CLEVELAND — A bomb threat prompted an evacuation at the JACK Casino and Public Square in Cleveland early Friday morning.
RTA buses were brought in as warming shelters for employees while Cleveland police worked the scene.
Dave Hatala Employees wait outside harrahs cherokee concerts Jack Casino after it was evacuated Friday morning due to a threat.
A patron who was inside the casino when it was evacuated said they were in the poker room when everything went down.
They said everyone was told to leave their chips on the tables and head to the nearest exit.
I was in the poker room and they made everyone leave casino bomb chips on the table and go to the nearest exit.
RTA said some buses may be running casino bomb little late Friday morning due the incident.
Buses and trains are running late due to an earlier threat at Tower City.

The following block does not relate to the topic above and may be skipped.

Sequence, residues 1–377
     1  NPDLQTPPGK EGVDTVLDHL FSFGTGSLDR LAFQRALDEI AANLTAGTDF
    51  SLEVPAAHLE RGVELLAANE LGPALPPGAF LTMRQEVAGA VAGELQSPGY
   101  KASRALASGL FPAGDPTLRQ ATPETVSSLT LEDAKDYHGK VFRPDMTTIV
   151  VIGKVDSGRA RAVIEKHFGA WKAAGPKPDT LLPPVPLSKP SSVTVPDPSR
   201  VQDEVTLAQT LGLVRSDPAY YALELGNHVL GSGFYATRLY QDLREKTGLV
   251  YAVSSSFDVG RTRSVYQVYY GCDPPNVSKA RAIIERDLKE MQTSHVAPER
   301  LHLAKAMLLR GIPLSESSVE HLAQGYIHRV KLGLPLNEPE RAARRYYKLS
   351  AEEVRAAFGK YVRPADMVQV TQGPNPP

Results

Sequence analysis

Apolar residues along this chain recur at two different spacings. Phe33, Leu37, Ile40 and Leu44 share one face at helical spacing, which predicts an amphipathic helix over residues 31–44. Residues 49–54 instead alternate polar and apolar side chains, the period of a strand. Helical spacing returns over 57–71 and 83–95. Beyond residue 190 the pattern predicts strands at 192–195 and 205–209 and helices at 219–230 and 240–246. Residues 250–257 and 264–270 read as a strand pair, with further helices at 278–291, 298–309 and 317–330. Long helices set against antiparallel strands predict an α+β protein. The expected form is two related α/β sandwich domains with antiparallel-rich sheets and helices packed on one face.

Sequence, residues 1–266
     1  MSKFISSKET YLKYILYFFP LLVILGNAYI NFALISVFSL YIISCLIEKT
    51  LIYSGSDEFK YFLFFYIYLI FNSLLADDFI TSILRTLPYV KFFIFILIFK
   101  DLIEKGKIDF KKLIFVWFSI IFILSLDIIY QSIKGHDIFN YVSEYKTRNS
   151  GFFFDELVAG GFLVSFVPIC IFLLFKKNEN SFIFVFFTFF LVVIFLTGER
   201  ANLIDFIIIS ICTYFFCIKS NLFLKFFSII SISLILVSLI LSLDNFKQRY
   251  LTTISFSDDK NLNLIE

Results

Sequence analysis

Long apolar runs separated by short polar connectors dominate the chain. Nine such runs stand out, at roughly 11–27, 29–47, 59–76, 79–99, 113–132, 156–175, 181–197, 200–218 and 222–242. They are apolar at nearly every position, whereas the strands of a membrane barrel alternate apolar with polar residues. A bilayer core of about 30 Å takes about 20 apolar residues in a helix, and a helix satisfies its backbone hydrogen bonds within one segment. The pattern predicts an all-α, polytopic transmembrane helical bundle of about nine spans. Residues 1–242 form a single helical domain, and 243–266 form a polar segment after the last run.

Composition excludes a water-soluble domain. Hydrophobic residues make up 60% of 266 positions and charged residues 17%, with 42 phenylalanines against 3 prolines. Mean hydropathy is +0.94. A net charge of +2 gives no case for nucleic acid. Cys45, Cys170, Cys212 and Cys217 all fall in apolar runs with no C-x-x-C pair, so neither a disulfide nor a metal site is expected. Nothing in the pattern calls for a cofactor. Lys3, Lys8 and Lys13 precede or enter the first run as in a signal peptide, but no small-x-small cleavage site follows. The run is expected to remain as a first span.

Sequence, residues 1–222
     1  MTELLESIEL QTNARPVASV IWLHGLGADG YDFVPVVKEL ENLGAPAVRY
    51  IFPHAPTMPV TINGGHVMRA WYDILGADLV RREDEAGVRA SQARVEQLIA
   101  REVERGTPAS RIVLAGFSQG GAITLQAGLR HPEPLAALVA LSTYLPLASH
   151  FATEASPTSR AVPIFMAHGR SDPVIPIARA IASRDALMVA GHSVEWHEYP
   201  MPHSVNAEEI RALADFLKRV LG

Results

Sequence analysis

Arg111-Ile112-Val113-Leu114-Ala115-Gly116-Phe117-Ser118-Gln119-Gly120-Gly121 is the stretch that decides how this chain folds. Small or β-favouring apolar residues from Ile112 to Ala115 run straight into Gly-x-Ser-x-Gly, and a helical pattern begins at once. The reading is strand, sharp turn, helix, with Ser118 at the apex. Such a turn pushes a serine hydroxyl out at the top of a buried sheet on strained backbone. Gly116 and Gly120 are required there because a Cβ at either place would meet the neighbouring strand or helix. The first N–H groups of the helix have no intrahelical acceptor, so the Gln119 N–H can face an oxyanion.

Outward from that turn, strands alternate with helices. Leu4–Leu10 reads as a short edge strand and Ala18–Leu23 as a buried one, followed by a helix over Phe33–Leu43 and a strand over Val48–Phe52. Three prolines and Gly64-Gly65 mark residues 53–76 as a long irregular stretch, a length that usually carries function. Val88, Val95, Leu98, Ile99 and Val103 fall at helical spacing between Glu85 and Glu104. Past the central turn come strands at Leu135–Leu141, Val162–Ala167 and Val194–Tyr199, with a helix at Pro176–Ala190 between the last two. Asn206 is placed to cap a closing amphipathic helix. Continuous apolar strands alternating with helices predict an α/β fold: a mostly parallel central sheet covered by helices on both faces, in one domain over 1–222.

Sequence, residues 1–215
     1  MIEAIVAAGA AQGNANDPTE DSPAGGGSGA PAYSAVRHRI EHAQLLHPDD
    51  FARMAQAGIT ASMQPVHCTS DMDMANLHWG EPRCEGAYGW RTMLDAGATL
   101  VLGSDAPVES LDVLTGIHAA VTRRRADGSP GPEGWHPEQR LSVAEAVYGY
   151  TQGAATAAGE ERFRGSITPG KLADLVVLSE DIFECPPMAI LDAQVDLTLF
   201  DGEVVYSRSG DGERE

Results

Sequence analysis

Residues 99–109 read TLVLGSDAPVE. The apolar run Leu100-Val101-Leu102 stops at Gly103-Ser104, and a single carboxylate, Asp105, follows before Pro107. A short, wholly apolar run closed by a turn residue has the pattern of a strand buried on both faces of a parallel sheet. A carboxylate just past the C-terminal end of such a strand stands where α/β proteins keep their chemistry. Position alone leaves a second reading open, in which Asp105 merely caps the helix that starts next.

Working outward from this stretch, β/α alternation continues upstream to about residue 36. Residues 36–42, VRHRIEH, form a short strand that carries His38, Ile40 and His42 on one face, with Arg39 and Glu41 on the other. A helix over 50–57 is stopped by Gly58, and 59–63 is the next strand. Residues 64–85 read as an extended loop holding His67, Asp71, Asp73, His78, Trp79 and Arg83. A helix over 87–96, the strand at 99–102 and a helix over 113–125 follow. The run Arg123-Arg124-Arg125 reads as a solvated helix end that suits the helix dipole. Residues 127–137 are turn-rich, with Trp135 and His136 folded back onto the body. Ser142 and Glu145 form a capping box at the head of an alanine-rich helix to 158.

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This material may not be published, broadcast, rewritten, or redistributed.

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Wednesday, August 27, 1980.
The helicopter thundered over the darkened forest, heading west, rising into the mountains beneath an almost full moon.
Even for FBI special casino bomb Dell Rowley, a slight five foot nine, the narrow cargo space behind the two front seats was a tight fit.
The helmet and Kevlar vest he wore over his black fatigues, and the weapons he carried, did not make it any more comfortable.
But the pilot was supposed to be alone, so Rowley had to stay where he was.
No weapons, no one riding shotgun.
The first note had concluded with an ironic flourish.